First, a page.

A 75-year-old military veteran was acquitted Tuesday of illegally hanging an American flag on the fence of a Veterans Affairs facility in West Los Angeles without permission.
The federal misdemeanor count against Robert Rosebrock stems from a VA statute that prohibits the posting of materials or "placards'' on a VA property except when authorized by the head of the facility.
Rosebrock was cited on Memorial Day 2016 for allegedly displaying two napkin-sized American flags on a fence adjacent to the "Great Lawn Gate'' entrance to the Veterans Park. He and fellow veterans have been assembling at the site nearly every Sunday and Memorial Day for the past nine years to protest what they believe is the VA's failure to make full use of the expansive property for the benefit and care of veterans, particularly homeless veterans.
At the conclusion of a bench trial, U.S. Magistrate Judge Steve Kim found Rosebrock not guilty of the violation, which carries a maximum six-month prison sentence. The judge concluded that no evidence was presented showing Rosebrock lacked permission to post the flags or that Rosebrock had displayed them in the first place.
The U.S. Attorney's Office declined comment.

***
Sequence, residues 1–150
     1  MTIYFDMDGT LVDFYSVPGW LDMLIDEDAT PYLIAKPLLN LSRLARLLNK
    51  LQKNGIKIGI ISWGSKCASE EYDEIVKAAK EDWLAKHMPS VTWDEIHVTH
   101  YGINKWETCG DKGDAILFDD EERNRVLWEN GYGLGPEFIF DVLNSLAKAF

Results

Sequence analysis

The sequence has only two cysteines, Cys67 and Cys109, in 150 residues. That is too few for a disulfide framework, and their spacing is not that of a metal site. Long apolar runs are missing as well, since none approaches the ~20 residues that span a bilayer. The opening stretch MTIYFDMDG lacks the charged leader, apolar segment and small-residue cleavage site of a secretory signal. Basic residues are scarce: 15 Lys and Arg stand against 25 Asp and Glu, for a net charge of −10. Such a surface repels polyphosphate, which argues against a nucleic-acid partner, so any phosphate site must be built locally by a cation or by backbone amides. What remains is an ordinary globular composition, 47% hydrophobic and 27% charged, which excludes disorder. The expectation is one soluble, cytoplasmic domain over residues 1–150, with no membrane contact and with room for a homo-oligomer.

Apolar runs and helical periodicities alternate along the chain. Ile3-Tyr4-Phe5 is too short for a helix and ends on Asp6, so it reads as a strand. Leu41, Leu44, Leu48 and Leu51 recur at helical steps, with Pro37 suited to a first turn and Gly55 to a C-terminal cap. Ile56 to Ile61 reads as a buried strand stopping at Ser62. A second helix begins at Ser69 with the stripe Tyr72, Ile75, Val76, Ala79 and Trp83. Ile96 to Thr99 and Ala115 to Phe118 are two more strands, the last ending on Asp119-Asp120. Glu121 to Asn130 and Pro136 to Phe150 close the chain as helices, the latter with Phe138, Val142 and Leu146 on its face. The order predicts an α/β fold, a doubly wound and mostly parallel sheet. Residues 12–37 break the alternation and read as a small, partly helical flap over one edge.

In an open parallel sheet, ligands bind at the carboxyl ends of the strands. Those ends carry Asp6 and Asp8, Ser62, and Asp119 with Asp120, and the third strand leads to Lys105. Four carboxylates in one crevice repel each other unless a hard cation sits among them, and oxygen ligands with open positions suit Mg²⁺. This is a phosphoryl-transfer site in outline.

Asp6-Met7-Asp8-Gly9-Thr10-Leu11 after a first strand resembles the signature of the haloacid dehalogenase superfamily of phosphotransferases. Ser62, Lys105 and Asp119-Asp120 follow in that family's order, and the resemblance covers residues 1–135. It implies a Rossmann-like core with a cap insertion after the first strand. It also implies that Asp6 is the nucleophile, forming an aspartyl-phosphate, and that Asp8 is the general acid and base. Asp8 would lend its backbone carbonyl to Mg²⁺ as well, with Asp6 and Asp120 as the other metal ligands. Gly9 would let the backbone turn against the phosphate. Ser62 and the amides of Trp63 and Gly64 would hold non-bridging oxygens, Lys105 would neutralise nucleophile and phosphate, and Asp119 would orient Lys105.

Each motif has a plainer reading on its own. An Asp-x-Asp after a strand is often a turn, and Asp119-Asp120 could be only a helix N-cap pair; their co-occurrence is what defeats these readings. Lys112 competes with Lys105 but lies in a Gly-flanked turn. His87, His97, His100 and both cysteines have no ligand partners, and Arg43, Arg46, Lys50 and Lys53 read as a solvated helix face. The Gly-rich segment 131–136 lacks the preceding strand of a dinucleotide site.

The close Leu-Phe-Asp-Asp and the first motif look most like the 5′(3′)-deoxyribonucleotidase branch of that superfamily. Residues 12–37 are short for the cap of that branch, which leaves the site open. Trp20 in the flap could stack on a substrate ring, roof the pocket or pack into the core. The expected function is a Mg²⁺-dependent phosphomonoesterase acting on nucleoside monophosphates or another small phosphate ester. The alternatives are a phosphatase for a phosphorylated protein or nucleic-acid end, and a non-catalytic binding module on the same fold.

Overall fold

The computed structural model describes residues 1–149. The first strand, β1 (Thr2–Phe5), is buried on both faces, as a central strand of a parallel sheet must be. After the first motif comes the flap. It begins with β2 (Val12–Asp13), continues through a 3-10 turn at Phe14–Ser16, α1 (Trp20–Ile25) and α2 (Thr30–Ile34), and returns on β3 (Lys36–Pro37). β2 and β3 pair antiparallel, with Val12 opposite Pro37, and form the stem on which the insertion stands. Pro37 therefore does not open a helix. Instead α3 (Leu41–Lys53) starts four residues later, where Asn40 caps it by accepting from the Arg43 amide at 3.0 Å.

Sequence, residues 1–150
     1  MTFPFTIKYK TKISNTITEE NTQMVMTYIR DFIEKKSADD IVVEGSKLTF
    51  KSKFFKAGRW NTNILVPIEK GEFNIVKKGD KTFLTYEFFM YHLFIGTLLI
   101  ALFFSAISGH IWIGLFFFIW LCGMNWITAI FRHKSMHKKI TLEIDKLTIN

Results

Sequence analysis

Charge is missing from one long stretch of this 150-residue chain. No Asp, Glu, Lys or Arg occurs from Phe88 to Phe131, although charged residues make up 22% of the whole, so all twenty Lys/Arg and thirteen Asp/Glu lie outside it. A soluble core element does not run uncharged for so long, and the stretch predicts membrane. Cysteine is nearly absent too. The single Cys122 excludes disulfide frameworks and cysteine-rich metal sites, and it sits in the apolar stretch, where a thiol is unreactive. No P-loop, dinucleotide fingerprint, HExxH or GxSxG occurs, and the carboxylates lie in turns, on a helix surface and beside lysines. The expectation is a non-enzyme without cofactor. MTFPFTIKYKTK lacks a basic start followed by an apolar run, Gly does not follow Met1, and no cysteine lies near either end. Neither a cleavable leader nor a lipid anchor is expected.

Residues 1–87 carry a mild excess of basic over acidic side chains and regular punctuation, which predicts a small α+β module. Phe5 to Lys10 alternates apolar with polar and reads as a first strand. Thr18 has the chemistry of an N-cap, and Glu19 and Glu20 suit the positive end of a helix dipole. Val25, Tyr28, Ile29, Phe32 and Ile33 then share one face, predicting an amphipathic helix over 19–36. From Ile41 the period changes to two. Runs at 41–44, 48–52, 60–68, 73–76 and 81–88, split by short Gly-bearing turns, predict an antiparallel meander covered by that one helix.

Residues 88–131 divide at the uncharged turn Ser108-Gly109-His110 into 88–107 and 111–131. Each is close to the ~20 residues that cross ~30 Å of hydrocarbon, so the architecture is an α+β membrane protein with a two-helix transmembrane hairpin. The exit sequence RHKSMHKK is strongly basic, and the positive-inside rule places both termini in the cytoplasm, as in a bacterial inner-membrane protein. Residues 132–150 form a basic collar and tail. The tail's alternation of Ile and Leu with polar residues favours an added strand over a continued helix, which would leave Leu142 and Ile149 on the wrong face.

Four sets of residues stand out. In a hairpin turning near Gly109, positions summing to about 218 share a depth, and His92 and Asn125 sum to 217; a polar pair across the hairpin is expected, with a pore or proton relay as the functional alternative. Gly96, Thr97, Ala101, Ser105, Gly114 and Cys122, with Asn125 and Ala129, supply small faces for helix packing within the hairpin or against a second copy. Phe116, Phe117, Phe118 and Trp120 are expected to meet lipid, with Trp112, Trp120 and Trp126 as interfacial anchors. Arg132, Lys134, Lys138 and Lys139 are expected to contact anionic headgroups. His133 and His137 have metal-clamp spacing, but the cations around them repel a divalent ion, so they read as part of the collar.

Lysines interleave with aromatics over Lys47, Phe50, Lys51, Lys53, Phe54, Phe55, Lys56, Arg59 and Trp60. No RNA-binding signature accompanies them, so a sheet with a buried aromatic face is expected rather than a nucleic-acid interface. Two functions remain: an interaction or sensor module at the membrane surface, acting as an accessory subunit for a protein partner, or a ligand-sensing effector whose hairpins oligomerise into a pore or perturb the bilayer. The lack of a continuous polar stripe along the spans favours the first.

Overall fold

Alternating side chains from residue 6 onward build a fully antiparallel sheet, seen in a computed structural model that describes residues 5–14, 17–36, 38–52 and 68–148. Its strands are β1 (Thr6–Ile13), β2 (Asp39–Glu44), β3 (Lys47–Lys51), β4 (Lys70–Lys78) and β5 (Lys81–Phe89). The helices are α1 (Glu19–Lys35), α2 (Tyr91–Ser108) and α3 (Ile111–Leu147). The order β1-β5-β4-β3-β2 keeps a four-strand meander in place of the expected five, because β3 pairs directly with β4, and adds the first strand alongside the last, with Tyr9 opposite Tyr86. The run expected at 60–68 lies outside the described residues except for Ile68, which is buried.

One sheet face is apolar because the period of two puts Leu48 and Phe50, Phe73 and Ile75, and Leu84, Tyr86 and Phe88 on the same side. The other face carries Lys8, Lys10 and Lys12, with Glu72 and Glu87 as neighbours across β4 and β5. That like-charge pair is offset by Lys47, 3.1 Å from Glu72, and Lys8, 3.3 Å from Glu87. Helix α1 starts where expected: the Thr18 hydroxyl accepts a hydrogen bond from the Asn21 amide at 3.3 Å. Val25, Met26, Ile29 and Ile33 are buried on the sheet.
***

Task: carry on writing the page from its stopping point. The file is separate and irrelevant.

Homeless activist Ted Hayes, dressed as Uncle Sam in a red, white and blue outfit, joined about two-dozen observers in Kim's courtroom in downtown Los Angeles. Military veteran Gene Simes, national chairman of a Rochester, New York-based veterans advocacy group, stood in uniform at attention with a folded flag under his arm during the proceeding.
The gallery burst into applause at the judge's ruling.
Rosebrock said outside court that he was "honored that the flag was exonerated -- and for once the veterans got a victory.''
Rosebrock initially faced two additional counts for allegedly taking unauthorized photos of a VA police officer at the VA's Great Lawn Gate without permission.
However, in a pretrial decision, Kim ruled that the regulation, as applied to the Great Lawn, was not reasonable under even the most lenient First Amendment standard.
The VA argued that the statute was necessary to guard against invasive and distracting media activities and to protect veterans' privacy. But the court rejected that claim, finding that if the VA wanted to protect veterans' privacy, it would ban all photography, not just photography for news, commercial or advertising purposes.